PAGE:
UK influence and scrutiny of EU security policy at risk after Brexit, warns senior Euro-MP

MEPs and representatives of national parliaments met today to discuss the framework of EU internal security policies and the democratic oversight and scrutiny of Europol’s activities – something British parliamentarians will no longer be involved in after Brexit, Labour MEPs have warned.

UK MPs and peers, including Yvette Cooper – chair of the home affairs select committee – were among those who questioned the Security Union Commissioner, Sir Julian King, and Europol director Rob Wainwright on the development of an EU Security Union and best practices for parliamentary scrutiny at the national level.

The meeting comes after the UK government’s recent confirmation it will remain part of Europol and continue to opt into cross-border crime fighting measures.

Claude Moraes MEP, chair of the civil liberties, justice and home affairs committee, said:

“The decision that Britain will remain part of Europol is important for our security and safety, and recognises that the agency has a crucial role to play in effectively targeting cross-border crime and combatting terrorism.

“It is, however, equally important that European and national parliamentarians continue to have a role in scrutinising the agency to ensure that the delicate balance between security and civil liberties is maintained – yet for the UK, our ability to scrutinise key measures and influence policy will be at risk after Brexit.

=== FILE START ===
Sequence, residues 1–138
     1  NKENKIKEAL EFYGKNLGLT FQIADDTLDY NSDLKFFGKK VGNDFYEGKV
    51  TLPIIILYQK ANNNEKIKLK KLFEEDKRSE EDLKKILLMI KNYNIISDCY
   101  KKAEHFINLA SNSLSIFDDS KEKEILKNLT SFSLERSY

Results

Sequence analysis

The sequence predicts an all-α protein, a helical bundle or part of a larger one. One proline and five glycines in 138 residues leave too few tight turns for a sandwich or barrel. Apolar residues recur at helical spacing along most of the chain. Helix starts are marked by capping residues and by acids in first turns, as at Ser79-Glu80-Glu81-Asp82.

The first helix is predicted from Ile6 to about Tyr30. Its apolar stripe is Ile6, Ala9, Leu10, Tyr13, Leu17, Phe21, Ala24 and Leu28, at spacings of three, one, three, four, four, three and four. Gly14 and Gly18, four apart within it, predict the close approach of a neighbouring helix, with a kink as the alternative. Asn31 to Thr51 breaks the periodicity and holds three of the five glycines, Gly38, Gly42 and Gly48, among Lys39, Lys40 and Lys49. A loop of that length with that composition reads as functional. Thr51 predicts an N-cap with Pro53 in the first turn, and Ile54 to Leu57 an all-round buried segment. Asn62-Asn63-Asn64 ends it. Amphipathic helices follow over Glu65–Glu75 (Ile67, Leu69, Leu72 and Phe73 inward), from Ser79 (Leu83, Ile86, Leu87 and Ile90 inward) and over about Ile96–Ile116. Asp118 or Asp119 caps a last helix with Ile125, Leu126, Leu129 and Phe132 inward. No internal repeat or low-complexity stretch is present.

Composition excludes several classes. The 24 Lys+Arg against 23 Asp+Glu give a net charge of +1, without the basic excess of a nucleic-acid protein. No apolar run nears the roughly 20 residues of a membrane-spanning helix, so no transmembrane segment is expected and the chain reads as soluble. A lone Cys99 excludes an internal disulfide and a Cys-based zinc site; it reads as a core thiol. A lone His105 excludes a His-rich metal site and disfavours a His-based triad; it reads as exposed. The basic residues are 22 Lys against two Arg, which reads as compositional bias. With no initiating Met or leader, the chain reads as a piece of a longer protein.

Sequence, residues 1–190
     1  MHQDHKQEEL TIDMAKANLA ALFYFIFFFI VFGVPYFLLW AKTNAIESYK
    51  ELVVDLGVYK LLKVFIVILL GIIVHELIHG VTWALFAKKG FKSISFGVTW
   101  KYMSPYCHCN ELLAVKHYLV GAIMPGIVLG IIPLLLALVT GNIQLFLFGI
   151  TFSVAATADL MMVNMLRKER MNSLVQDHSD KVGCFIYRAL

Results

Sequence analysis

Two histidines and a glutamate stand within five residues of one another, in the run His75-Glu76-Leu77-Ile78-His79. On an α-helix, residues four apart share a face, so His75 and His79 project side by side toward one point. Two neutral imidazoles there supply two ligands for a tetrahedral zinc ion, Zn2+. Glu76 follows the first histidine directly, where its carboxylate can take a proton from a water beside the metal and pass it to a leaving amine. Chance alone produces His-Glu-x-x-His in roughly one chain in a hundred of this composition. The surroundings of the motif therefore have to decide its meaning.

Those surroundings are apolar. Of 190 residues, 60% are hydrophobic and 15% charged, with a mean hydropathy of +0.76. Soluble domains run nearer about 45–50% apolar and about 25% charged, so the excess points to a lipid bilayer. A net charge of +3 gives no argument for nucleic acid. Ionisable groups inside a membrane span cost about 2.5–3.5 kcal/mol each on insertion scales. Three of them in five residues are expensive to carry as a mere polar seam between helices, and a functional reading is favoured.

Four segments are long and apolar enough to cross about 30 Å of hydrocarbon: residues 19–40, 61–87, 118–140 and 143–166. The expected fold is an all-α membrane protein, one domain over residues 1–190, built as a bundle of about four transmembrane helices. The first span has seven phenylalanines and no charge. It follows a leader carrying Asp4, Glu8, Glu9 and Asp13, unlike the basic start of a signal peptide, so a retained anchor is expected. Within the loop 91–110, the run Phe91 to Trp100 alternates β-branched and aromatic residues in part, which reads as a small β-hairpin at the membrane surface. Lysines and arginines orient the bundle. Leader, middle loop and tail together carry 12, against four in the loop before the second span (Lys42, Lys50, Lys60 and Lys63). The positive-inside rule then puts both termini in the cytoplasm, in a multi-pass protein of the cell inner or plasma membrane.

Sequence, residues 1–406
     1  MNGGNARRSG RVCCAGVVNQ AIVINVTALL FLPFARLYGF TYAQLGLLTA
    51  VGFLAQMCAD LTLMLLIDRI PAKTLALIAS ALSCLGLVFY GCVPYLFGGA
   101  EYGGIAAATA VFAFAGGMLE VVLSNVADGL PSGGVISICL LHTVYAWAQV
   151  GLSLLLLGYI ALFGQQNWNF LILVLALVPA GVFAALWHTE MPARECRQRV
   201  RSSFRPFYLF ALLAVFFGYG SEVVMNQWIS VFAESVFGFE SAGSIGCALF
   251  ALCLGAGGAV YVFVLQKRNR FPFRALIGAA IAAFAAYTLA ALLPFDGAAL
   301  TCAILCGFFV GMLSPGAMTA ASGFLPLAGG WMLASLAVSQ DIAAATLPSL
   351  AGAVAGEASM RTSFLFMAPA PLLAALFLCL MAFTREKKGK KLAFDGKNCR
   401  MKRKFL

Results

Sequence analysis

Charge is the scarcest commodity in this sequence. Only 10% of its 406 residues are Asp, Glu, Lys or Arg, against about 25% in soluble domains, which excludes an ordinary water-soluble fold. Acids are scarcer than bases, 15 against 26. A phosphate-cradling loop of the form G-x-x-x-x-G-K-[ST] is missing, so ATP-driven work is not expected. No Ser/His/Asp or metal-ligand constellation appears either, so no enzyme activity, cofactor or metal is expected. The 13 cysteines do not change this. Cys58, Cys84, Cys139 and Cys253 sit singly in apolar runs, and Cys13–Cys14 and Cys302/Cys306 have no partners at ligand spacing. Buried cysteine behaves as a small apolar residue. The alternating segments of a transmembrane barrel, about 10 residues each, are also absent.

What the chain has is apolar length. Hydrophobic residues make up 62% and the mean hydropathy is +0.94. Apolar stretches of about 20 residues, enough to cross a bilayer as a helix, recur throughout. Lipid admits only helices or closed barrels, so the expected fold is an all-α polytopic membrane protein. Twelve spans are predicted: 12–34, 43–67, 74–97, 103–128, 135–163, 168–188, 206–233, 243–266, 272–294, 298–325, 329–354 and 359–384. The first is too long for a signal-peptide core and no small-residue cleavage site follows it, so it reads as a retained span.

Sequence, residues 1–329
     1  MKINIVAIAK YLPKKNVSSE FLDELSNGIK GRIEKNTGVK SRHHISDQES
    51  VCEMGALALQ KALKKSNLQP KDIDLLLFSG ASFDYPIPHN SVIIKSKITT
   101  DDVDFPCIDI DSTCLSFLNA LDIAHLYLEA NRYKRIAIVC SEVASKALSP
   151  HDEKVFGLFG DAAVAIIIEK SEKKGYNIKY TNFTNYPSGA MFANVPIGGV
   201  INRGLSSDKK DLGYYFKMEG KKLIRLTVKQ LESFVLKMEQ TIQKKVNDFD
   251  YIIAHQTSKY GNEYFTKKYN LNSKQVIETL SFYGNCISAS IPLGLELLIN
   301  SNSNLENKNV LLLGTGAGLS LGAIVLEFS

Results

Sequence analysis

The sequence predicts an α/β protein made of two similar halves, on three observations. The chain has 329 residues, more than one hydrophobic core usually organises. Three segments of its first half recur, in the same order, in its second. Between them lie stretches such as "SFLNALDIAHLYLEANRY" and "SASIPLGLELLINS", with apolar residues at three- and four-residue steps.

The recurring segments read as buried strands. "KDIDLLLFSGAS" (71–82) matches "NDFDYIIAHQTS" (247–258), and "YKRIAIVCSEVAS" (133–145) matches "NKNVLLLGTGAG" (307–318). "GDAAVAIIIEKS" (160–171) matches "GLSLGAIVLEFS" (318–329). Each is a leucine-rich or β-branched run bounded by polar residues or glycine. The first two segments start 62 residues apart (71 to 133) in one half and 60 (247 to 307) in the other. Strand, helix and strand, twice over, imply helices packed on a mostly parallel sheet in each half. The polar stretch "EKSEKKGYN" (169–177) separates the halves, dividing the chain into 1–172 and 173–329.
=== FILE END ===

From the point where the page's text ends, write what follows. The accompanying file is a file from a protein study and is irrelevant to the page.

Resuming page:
“The discussion was also an opportunity to debate how to make the security union a reality with key British officials working in this field, Commissioner Julian King and Europol director Rob Wainwright – and once more, as a consequence of Brexit, we will lose this influence.”

Mr Moraes added:

“Today’s meeting was an opportunity for European and national parliamentarians to emphasise the need for existing legislation to be implemented and acted upon by national governments. We will only be able to derive the benefits of greater cooperation in the field of security if anti-terror and anti-radicalisation measures are fully implemented by all EU countries.

“We met with national parliaments in order to discuss EU internal security policies and develop the format for the democratic scrutiny of Europol, which represents a major plank of Britain’s security arrangements with the EU. The meeting was an opportunity to discuss the Europol regulation which will establish a Joint Parliamentary Scrutiny Group to ensure proper democratic oversight of Europol’s activities by MEPs and national parliamentarians.

“The new regulation will strengthen Europol to ensure it is fully equipped to fight terrorism, cybercrime and the rise in cross-border crime, and that MEPs and representatives from national parliaments will scrutinise the agency in order to ensure that fundamental rights are upheld.”